I tried to hint to her that perhaps she should dress in a more businesslike manner, maybe some grays and muted blues, some softer pastels, but she wasn't hearing me (truth is, I wouldn’t take my own advice on how to dress myself, why should she listen to me? ). The GM (he who shall remain nameless) didn't want to spend the big bucks to bring in the clothing consultant. That would involve flying her in from New York, putting her up in a fancy hotel for days, and several big-ticket shopping trips to pick out new outfits (at company expense, of course).

The GM was adamant until...

One weekend the woman went on the air looking like a Chiquita Banana commercial, minus the headdress.

Bright and early Monday morning I looked up to see the GM in my doorway."Alright, get the clothing people in," he said. "Every weekend she looks like the flag of a different emerging African nation."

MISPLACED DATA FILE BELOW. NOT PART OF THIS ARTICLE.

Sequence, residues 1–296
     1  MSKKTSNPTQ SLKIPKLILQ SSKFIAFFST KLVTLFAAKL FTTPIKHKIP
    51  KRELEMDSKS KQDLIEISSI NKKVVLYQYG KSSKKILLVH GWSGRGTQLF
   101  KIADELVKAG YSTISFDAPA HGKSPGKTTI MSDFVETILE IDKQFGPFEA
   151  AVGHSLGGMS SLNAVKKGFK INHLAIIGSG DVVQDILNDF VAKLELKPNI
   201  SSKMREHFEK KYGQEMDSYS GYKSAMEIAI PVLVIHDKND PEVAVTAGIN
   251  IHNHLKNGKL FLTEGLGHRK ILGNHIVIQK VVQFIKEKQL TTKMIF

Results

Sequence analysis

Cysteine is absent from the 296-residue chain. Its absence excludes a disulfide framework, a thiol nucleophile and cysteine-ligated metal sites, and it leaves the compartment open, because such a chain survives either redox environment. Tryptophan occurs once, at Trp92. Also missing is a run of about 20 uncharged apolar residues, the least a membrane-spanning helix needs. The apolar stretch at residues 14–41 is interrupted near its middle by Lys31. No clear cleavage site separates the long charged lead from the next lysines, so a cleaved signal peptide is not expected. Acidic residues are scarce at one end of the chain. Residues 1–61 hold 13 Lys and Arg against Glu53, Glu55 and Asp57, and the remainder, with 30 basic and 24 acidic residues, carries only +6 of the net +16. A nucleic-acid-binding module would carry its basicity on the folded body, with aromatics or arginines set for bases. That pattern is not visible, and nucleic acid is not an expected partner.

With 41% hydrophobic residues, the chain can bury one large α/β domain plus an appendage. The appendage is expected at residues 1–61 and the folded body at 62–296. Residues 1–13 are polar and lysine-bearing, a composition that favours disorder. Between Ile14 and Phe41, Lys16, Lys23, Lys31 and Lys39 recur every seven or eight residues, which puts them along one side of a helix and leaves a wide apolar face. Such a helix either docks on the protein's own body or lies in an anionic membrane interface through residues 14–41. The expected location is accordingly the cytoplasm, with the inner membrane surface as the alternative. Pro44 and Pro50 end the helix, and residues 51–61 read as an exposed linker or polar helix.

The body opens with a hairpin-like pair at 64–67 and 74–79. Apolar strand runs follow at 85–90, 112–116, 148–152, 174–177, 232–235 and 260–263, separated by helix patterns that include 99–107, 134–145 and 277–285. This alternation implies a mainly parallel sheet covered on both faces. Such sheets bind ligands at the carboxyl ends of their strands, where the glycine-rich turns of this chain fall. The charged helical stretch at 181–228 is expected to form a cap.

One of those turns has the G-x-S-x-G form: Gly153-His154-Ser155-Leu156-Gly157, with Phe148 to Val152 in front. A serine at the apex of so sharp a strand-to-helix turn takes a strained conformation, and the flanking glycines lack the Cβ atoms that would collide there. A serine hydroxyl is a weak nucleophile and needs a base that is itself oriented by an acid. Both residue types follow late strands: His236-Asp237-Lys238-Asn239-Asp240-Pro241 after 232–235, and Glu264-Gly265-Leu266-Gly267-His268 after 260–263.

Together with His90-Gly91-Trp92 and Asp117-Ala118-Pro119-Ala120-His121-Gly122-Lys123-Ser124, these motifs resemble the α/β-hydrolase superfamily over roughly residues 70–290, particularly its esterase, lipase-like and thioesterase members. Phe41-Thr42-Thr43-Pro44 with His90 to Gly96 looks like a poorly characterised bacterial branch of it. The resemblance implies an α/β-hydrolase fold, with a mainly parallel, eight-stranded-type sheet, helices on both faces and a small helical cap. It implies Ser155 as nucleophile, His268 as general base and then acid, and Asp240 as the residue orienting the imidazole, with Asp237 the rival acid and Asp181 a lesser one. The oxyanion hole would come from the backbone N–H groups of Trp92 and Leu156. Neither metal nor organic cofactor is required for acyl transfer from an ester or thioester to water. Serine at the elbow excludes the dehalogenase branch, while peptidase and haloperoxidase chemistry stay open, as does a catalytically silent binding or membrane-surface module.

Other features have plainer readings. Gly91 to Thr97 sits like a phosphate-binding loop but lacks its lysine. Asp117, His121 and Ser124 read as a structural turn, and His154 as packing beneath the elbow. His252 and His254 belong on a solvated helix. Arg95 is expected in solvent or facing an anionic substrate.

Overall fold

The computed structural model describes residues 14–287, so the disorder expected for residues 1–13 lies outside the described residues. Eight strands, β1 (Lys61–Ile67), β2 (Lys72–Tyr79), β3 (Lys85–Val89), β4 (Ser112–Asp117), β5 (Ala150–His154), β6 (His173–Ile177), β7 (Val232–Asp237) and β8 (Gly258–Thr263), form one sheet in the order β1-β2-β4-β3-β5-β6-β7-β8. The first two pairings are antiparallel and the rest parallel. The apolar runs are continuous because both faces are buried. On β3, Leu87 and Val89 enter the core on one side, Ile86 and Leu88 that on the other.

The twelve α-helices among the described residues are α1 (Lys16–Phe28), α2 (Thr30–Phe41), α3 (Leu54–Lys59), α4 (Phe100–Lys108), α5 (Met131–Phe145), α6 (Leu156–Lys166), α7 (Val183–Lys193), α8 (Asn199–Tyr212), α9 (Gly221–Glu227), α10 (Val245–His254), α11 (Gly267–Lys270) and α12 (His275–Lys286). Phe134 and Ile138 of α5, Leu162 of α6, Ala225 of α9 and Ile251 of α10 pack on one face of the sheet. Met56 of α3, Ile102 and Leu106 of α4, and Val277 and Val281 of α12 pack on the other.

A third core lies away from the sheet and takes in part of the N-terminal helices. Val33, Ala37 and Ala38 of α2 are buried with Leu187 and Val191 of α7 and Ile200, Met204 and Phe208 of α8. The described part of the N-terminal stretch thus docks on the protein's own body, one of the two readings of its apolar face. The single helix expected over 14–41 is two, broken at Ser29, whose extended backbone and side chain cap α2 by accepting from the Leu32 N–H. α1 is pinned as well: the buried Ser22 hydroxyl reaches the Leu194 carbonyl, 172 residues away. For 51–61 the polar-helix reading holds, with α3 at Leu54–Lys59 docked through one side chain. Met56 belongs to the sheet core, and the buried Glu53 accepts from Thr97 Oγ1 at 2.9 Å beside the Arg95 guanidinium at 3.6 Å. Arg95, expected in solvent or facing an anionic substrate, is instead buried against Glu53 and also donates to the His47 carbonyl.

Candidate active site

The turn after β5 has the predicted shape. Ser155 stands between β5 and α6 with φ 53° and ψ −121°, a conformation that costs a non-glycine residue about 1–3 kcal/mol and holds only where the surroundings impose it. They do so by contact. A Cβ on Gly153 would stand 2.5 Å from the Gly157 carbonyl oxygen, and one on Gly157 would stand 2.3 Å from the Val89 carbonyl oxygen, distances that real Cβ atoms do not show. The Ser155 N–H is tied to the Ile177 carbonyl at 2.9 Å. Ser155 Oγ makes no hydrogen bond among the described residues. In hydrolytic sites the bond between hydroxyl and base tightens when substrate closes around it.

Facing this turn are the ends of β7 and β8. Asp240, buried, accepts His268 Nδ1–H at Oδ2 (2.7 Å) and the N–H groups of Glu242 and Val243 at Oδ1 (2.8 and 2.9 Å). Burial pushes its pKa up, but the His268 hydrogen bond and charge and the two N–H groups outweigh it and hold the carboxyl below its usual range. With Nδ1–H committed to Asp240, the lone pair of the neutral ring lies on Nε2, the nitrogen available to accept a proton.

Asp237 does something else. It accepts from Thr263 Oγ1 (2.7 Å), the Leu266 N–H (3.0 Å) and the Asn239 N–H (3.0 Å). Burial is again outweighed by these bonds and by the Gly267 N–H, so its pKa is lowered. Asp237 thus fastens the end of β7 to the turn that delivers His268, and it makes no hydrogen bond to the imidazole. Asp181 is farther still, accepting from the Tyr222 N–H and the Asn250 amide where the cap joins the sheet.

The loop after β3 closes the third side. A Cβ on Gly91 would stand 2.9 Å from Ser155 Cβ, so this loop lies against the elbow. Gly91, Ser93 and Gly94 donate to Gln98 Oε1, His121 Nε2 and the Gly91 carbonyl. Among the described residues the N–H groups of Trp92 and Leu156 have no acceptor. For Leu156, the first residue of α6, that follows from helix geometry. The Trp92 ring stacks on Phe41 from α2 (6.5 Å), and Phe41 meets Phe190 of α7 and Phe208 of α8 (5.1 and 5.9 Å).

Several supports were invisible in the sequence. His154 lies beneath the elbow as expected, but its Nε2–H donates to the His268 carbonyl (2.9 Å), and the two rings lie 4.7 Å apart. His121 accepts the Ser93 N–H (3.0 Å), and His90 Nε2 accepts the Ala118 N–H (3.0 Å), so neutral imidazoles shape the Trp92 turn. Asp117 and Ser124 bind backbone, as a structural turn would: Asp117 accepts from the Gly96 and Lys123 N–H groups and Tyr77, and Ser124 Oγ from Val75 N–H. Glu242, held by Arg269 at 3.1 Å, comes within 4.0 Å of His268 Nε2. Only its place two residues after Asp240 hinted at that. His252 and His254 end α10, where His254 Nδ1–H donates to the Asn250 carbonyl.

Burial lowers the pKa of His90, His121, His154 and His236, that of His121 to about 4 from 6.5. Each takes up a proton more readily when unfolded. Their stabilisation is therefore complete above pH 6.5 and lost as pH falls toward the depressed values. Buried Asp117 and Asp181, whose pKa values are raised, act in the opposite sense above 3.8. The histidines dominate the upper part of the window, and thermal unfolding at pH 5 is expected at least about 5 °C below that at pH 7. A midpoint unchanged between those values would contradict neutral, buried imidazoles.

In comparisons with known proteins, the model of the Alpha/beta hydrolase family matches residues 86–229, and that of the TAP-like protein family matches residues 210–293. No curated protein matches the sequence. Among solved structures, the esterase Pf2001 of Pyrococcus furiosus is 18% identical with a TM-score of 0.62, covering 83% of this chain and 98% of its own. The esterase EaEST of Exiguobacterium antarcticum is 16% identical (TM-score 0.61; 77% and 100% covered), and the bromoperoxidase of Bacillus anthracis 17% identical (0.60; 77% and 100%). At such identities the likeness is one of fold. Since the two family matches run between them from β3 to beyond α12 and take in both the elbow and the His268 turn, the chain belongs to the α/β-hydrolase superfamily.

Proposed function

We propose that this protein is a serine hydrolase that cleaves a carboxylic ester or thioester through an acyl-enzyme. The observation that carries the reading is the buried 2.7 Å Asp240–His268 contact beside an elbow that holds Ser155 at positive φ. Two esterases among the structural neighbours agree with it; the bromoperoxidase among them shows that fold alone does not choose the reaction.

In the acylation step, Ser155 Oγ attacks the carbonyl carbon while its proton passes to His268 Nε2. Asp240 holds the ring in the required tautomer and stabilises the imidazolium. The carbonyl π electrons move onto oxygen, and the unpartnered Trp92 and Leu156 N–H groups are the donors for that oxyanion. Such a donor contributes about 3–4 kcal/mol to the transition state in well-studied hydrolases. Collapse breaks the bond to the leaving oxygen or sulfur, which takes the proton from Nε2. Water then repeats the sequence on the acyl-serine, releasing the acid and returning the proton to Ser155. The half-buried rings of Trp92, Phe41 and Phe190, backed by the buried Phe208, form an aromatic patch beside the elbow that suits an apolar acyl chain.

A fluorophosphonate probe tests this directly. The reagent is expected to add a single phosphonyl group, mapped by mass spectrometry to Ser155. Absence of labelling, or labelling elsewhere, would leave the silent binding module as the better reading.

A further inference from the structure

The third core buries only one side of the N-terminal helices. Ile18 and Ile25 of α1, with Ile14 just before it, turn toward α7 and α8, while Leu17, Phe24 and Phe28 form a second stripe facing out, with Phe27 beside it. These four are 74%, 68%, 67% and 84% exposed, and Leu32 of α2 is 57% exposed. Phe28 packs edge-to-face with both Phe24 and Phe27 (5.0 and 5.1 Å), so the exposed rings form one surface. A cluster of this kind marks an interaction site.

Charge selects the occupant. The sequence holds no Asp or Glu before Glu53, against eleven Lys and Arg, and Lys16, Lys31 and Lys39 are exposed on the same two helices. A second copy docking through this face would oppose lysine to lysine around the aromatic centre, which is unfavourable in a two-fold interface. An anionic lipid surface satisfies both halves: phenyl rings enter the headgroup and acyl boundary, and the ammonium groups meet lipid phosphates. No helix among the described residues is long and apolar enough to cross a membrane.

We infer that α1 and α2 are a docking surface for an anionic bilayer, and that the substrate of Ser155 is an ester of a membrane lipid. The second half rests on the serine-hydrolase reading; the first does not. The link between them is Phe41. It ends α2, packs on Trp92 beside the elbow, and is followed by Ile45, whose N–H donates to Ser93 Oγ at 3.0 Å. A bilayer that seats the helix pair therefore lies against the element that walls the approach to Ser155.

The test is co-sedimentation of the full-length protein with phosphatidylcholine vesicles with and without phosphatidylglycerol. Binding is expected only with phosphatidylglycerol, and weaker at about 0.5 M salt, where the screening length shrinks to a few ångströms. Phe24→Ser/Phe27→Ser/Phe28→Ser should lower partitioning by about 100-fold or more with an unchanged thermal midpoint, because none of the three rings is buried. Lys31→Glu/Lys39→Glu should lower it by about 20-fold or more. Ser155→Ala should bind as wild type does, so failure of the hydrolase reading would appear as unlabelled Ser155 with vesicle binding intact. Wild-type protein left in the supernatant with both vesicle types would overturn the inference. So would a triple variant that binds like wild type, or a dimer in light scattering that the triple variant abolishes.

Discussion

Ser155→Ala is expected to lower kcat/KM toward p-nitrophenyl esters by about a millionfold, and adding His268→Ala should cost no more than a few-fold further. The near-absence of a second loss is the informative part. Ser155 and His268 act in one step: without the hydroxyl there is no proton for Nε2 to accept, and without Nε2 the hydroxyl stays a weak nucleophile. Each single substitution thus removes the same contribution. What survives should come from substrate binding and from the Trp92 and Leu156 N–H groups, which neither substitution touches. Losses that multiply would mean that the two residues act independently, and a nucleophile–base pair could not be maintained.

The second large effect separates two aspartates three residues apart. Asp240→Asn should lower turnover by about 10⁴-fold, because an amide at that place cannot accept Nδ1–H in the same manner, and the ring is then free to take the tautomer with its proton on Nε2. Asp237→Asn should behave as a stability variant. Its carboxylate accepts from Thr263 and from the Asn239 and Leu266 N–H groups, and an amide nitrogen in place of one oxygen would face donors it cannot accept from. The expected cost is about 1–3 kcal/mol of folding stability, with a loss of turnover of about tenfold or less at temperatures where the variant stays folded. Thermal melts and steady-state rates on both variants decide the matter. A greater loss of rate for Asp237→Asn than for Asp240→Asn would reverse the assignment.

Wednesday, February 20

Proud to Serve...

I posted yesterday about Elden Hale, and his genius for reaching out to an audience. I mentioned that Elden, more than anyone else and before anyone else, saw the Wikes-Barre/Scranton market as not just just Wilkes-Barre and Scranton. I probably didn’t go far enough in recognizing the profound changes—cultural and economic—brought about by the simple phrase, “Proud to Serve Northeastern and Central Pennsylvania.”

If you lived in that area for any length of time you’d know that in the old days Scranton and W-B weren’t just separate cities, they seemed like separate universes. It’s not that they had some rivalry, that they hated each other: heck, the residents of each just didn’t know the other existed. If you lived in Wilkes-Barre, “Scranton” was just a word that probably had no more meaning than “New York” of “Philadelphia” or “Bangkok.” You had a concept of Scranton, but most had never been there.